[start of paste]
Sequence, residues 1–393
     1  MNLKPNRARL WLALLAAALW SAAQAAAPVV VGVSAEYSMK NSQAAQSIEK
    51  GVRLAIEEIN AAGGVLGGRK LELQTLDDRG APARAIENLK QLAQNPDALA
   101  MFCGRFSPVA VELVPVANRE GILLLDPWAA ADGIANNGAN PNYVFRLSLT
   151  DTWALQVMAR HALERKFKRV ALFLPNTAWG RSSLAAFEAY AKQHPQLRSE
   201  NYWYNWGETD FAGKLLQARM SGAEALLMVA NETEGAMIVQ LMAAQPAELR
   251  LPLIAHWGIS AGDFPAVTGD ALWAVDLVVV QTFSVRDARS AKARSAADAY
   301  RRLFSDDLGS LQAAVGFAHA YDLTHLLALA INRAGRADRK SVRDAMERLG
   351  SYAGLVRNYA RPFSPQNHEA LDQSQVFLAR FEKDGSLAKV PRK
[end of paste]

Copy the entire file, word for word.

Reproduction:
Sequence, residues 1–393
     1  MNLKPNRARL WLALLAAALW SAAQAAAPVV VGVSAEYSMK NSQAAQSIEK
    51  GVRLAIEEIN AAGGVLGGRK LELQTLDDRG APARAIENLK QLAQNPDALA
   101  MFCGRFSPVA VELVPVANRE GILLLDPWAA ADGIANNGAN PNYVFRLSLT
   151  DTWALQVMAR HALERKFKRV ALFLPNTAWG RSSLAAFEAY AKQHPQLRSE
   201  NYWYNWGETD FAGKLLQARM SGAEALLMVA NETEGAMIVQ LMAAQPAELR
   251  LPLIAHWGIS AGDFPAVTGD ALWAVDLVVV QTFSVRDARS AKARSAADAY
   301  RRLFSDDLGS LQAAVGFAHA YDLTHLLALA INRAGRADRK SVRDAMERLG
   351  SYAGLVRNYA RPFSPQNHEA LDQSQVFLAR FEKDGSLAKV PRK